Taken together, the main finding of the present study is that intramyocardial injection of ASCs mitigates the negative cardiac remodeling and preserves ventricular function post myocardial infarction. In addition, we demonstrated that the beneficial effects on cardiac function can be further enhanced by administrating cells along with injectable biopolymers. Consequently, the results reported here may have important implications for the design of future cell therapy strategies for cardiac repair.

Supporting Information

Figure S1

PAS staining for capillary quantification. Arrowhead indicates a single capillary in the heart sections from different groups. NT, non-treated; M, culture medium; F, fibrin; C, collagen; ASC/M, ASCs in culture medium; ASC/F, ASCs in fibrin; ASC/C, ASCs in collagen. Magnification 400×.

(2.04 MB TIF)

Figure S2

Immunodetection of GFP+ASCs four weeks after transplantation. Upper panel (A, B and C): immunohistochemistry. Bottom panel (D, E and F): immunofluorescence at infarction border zone. Arrowheads show the GFP+ASCs. Magnification 400×.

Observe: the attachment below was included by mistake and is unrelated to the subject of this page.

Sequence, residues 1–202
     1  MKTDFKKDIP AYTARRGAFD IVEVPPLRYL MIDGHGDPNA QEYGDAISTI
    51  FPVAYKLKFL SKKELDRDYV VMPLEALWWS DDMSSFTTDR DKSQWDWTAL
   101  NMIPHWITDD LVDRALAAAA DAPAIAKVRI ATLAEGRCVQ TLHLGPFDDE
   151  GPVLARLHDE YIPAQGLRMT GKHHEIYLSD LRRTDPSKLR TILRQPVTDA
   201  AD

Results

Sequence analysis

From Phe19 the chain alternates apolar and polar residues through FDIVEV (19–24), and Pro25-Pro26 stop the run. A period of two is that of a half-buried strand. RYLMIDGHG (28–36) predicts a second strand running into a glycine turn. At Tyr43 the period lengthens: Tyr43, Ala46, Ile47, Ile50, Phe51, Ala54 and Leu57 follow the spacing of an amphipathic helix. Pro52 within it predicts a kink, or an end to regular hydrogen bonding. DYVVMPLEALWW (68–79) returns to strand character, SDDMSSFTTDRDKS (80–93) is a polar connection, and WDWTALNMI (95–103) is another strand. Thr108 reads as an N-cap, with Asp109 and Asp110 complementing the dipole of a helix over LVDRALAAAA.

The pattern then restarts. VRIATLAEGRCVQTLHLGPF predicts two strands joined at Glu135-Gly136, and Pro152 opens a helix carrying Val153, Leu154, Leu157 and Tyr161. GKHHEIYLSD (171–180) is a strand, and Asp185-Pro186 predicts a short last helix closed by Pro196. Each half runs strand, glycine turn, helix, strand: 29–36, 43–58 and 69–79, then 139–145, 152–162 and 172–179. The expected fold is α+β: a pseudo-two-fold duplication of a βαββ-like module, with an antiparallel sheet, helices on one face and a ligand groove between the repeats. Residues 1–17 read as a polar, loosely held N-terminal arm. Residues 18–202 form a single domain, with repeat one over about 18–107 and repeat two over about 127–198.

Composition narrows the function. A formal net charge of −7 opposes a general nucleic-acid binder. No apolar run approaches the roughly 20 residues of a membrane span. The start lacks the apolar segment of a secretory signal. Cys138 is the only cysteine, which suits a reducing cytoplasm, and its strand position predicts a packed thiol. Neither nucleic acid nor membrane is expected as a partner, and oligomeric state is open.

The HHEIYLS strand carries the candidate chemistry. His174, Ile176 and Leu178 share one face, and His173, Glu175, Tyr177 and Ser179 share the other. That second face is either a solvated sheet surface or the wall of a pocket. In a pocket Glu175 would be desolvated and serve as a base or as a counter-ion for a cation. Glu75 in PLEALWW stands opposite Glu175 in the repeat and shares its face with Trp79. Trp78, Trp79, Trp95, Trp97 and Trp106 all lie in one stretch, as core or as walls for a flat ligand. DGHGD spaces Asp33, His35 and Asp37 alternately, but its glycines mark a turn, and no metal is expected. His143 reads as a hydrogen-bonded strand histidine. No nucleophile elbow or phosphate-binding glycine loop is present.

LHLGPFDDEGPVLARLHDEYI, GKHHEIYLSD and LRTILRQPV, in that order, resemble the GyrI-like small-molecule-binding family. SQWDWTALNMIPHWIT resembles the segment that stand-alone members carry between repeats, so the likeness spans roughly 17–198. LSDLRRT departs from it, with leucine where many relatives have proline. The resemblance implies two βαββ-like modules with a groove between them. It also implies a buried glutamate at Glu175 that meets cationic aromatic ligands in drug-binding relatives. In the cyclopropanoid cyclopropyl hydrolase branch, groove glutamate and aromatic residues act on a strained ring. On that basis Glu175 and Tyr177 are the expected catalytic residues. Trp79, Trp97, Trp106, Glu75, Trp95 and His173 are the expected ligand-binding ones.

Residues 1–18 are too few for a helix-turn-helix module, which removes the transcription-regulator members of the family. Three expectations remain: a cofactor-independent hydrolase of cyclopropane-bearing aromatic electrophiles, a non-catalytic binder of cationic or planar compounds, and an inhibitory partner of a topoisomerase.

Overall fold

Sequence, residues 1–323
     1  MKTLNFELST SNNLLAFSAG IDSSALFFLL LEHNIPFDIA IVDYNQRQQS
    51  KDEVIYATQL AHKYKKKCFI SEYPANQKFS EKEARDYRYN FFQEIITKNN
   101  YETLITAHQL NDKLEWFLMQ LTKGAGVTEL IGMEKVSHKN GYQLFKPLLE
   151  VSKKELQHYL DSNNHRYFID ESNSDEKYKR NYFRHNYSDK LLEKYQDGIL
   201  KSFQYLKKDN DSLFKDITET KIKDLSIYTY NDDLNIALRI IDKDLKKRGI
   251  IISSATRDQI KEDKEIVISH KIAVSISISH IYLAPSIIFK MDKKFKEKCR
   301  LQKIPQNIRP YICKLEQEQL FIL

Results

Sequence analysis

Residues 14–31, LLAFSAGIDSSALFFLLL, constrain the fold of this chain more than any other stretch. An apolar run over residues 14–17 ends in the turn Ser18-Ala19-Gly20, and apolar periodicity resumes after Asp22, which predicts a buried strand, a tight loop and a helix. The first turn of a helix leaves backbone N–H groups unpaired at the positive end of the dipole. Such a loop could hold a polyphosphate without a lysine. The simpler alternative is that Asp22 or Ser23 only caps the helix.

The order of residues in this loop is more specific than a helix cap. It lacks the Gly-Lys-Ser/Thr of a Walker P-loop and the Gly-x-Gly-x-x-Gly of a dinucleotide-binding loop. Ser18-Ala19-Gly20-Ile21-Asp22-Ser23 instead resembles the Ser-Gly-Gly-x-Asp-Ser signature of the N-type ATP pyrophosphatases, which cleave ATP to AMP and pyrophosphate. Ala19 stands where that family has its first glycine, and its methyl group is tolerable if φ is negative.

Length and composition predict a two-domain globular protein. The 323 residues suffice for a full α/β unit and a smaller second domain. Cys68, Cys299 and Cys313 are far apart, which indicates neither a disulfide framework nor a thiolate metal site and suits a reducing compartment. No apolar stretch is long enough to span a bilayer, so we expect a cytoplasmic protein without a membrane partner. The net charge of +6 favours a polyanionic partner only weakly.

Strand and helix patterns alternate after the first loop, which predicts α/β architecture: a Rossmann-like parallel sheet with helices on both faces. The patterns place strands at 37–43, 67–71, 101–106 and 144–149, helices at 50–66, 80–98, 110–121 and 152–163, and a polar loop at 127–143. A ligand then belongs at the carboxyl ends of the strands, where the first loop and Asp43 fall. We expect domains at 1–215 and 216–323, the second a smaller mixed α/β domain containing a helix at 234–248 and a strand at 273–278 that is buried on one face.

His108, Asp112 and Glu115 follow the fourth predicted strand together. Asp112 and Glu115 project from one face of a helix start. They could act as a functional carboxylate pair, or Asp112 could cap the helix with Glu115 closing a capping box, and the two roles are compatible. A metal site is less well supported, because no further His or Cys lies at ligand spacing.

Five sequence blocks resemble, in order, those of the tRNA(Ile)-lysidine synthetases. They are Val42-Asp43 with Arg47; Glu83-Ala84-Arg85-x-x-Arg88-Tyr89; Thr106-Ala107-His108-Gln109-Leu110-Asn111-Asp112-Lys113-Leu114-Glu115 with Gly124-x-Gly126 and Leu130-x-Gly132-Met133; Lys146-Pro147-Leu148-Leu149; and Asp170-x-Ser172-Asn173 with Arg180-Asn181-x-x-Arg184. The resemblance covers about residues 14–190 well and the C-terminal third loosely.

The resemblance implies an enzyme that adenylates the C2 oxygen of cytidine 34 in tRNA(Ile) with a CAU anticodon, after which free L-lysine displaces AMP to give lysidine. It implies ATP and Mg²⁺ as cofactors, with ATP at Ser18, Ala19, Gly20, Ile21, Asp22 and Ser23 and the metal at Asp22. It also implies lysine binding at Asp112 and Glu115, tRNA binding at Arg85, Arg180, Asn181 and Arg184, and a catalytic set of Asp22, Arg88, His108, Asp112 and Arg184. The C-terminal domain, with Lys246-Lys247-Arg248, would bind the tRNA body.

(2.04 MB TIF)

Methods S1

(0.02 MB DOC)

Acknowledgments

We thank Tiago V. Pereira for the assistance in statistical data analyses and Marcio Chaves for the preparation of the histological slides. We also thank Paula Lazara and Julio A. Danoviz for the analysis of the electrocardiograms, and Aurelio Silvestroni for critical revision of the manuscript.

Footnotes

Competing Interests: The authors have declared that no competing interests exist.

Funding: This study was funded by grants from the public Brazilian Agencies Fundacao de Amparo a Pesquisa do Estado de Sao Paulo (FAPESP # 01/0009-0), Ministerio da Ciencia e Tecnologia/Conselho Nacional de Desenvolvimento Cientifico e Tecnologico/Ministério da Saude/Departamento Ciencia e Tecnologia (MCT/CNPq/MS/DECIT 552324/20005-1 and 10120104096700). MED and JSN were recipients of fellowships from FAPESP (05/54695-3 and 04/06784-4, respectively), and LS was a recipient of a fellowship from CNPq (141276/2004-5). The funders had no role in study design, data collection and analysis, decision to publish, or preparation of the manuscript.